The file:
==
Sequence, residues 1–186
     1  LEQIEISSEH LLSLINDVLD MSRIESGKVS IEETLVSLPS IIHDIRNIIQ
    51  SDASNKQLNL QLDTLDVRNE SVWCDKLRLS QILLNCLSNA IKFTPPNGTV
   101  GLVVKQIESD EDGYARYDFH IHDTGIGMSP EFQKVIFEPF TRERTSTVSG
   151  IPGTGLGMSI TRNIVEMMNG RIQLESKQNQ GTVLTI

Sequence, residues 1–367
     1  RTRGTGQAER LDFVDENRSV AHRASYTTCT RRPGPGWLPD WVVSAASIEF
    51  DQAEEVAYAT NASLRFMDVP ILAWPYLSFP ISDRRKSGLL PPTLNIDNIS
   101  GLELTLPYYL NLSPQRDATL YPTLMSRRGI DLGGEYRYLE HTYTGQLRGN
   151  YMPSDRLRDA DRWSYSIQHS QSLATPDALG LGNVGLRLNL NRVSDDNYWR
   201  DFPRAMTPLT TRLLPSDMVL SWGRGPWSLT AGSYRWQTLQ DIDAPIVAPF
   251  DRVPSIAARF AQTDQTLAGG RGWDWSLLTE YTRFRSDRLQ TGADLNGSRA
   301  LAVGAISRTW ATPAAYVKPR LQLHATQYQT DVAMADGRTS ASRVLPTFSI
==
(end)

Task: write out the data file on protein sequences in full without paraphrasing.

Sequence, residues 1–186
     1  LEQIEISSEH LLSLINDVLD MSRIESGKVS IEETLVSLPS IIHDIRNIIQ
    51  SDASNKQLNL QLDTLDVRNE SVWCDKLRLS QILLNCLSNA IKFTPPNGTV
   101  GLVVKQIESD EDGYARYDFH IHDTGIGMSP EFQKVIFEPF TRERTSTVSG
   151  IPGTGLGMSI TRNIVEMMNG RIQLESKQNQ GTVLTI

Sequence, residues 1–367
     1  RTRGTGQAER LDFVDENRSV AHRASYTTCT RRPGPGWLPD WVVSAASIEF
    51  DQAEEVAYAT NASLRFMDVP ILAWPYLSFP ISDRRKSGLL PPTLNIDNIS
   101  GLELTLPYYL NLSPQRDATL YPTLMSRRGI DLGGEYRYLE HTYTGQLRGN
   151  YMPSDRLRDA DRWSYSIQHS QSLATPDALG LGNVGLRLNL NRVSDDNYWR
   201  DFPRAMTPLT TRLLPSDMVL SWGRGPWSLT AGSYRWQTLQ DIDAPIVAPF
   251  DRVPSIAARF AQTDQTLAGG RGWDWSLLTE YTRFRSDRLQ TGADLNGSRA
   301  LAVGAISRTW ATPAAYVKPR LQLHATQYQT DVAMADGRTS ASRVLPTFSI